I live on a very slow street. We're the last stretch of civilization before my suburban neighborhood gives way to cattails and thorn trees. There's no through traffic. Still, my mom always taught me to look both ways and never cross in the middle of a busy road. Most parents do that, I think. I know a seventeen month old baby who will play right up to the edge of her lawn, say "street", and stop at the curb. It's universally accepted that young children shouldn't cross streets-unaccompanied.
Was that toddler safer with two women guarding him than he would've been alone? Yes, but he's learning a horrible lesson. There's this idea that nothing is wrong for children if they're supervised. That an edgy movie won't affect them if a parent's sitting on the next cushion over. But every competent parent I know teaches by example, not by throwing out hypocritical rules.

Thursday, April 9, 2015

Stare Straight Ahead

I've mentioned my religion a few times on this blog. Today I'll have to dive deeper to give a little context. I'm a member of the Church of Jesus Christ of Latter Day Saints, popularly known as Mormons. Twice a year, church leaders address the fifteen million worldwide members from a conference center in Salt Lake City via Internet, radio, TV, and satellite transmission. The conference center itself seats over twenty thousand and is the largest non-stadium assembly building in the United States.
Listeners in the conference center cast a sustaining vote
Mormons don't have paid clergy. Members are called to serve in church offices. Every calling in the church, from the twelve year old boy who's a secretary over all the other twelve year old boys in his class, to the prophet and church president, is "sustained" by church members. How this works is the church leader present will state the person's name, what office they're been called to, and ask the entire congregation raise their right hand in support.
After that, the leader asks the congregation if any of them are opposed. Any who is supposed to manifest "by the same sign." AKA raising their right hand. So if you you know that twelve year old boy has been smoking behind the church and is unfit to serve as secretary, you'd raise your right hand and quietly talk to the leader after the service. Though this is called a sustaining vote, we're not really voting the person into an office. By raising our hands we're showing them we will support them in their calling. Raising a hand in opposition is like crying "I object" at a wedding and happens about as often.
This Saturday was the spring conference session. Nine members of a group called Any Opposed showed up after receiving donated tickets, took their seats, and watched second counselor Dieter F. Uchtdorf read off the names of various church leaders. When asked for opposing votes, most of the group stood up and shouted "Opposed!"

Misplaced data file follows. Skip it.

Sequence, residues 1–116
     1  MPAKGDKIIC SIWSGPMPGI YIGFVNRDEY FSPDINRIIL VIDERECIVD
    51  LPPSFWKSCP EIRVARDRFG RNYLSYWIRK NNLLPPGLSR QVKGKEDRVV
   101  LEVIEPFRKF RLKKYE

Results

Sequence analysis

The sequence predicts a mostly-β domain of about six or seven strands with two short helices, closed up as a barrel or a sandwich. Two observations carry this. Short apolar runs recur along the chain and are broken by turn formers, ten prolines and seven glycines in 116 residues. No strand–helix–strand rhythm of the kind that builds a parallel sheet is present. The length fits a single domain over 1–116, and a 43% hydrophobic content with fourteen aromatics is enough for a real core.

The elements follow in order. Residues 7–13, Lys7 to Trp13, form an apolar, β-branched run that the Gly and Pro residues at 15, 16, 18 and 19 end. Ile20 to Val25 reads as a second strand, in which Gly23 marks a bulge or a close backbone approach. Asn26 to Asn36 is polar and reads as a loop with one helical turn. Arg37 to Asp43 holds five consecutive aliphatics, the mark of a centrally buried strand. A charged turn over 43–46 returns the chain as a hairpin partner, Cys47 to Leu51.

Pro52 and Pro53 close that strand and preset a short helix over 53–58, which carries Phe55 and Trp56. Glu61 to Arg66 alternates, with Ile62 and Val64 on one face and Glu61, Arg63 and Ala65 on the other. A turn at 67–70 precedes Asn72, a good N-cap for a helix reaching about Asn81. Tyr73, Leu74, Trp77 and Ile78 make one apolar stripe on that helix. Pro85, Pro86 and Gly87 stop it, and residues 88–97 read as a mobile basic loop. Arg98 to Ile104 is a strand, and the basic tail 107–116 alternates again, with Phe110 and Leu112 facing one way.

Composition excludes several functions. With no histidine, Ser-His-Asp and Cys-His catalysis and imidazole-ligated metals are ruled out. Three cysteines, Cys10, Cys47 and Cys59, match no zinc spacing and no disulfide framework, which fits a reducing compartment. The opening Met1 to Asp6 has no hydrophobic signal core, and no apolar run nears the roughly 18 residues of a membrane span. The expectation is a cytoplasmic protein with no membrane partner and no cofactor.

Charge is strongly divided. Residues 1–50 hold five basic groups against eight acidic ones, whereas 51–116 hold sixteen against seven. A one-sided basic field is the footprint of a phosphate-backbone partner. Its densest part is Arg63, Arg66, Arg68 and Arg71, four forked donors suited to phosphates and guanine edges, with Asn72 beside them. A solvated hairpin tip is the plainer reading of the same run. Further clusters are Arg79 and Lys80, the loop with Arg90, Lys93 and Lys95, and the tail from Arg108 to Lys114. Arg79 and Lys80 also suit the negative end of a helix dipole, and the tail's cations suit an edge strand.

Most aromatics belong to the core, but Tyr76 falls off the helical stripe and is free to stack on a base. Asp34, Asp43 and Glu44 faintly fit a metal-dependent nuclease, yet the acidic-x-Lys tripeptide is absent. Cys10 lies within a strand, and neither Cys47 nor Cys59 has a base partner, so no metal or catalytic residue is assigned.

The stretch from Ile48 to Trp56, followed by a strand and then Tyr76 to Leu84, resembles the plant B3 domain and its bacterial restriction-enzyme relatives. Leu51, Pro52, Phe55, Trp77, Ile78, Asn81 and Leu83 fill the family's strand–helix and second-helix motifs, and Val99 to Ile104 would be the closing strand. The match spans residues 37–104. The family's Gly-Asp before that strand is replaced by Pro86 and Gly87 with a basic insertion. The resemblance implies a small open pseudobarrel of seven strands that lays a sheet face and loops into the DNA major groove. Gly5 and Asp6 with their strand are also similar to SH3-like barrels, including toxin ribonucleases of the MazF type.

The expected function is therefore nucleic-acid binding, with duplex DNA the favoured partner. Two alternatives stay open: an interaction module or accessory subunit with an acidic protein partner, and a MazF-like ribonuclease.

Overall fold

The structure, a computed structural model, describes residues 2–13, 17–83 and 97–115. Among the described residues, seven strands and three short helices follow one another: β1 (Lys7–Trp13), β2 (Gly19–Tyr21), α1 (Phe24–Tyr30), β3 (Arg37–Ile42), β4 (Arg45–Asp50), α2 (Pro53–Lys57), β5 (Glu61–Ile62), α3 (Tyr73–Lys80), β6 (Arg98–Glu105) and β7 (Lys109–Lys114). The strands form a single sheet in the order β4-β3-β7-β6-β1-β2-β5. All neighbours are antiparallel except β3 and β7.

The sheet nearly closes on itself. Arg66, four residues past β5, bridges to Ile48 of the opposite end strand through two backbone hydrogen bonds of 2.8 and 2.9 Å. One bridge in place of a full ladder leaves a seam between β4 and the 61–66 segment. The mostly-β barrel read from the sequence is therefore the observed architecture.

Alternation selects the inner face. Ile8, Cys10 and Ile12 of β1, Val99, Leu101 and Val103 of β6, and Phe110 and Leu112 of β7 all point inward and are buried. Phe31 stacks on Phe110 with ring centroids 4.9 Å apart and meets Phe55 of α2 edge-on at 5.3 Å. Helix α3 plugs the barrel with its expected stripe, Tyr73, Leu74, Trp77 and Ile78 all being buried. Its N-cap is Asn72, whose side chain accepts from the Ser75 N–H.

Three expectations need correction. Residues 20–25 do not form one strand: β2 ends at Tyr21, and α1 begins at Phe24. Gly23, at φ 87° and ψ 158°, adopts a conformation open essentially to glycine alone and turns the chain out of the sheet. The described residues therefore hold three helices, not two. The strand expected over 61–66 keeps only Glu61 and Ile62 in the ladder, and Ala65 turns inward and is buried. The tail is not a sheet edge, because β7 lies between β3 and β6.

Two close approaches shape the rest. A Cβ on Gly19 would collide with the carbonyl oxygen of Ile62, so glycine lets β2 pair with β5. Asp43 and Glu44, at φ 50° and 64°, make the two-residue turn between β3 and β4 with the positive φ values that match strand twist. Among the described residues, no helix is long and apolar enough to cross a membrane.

Breaking protocol.
In front of twenty thousand people.
While fifteen million watched abroad.
Uchtdorf knew they were coming-they have a website and ask for donations, so it wasn't exactly a secret-so he carried on. The group shouted "Opposed!" twice more (though their numbers dwindled each time) despite specific reminders to manifest their opinion "by the same sign". At this point, they expected to be escorted out, but the session proceeded as normal. So they sat there, feeling and looking stupid, until it ended two hours later. Here's a video of the first two oppositions:

Mormon social media and the outside world lit up. But when interviewed, Any Opposed leaders declined to comment. So, basically, they wanted their voices to be heard, but once they were they didn't have anything to say. This reminds me of a Not Always Right post about a man who drove up to a bookstore, told the cashier "No one likes books anymore", and walked out.
The video is from the official church recording that was broadcast across the globe. The other fifteen million members applauded Uchtdorf for carrying on so calmly. But I have a different hero.

This is a cell phone camera video taken by a participant. Uchtdorf and the other leaders are far off blurs. In the foreground, we see a blonde girl who looks to be on the lower end of the teen spectrum. At the first cry, she glances halfway over her shoulder, but doesn't look directly into the camera. She doesn't know she's being filmed. She knows the opposed are there, but in the next round, she calmly raises her hand. When they cry out once more, she doesn't bother. She stares straight ahead.
Twitter exploded minutes after. News media clamored for interviews. But here she is, in the heat of the moment, in the eye of the storm, and she doesn't even turn around.
If you've been following my blog for a while, you know I can be a bit of a watchdog and an oppression seeker. I rarely read articles from sources I actually agree with. I live for those moments when I get riled up and pound out fiery retorts. I have a stutter that gets worse in heated conversations, so in my personal life, I practice out arguments for confrontations that might happen. When they finally crop up, I'm well prepared.
In an age where everyone is clamoring to be heard, this girl is an example to me. She knows what's going on behind her. If she had turned around, if she had shouted a retort, her voice would have been heard by all the group's followers, whether she wanted it to or not. Instead, she stood as a witness by staring straight ahead.
I wish I knew her name. Carry on, Blondie. Carry on.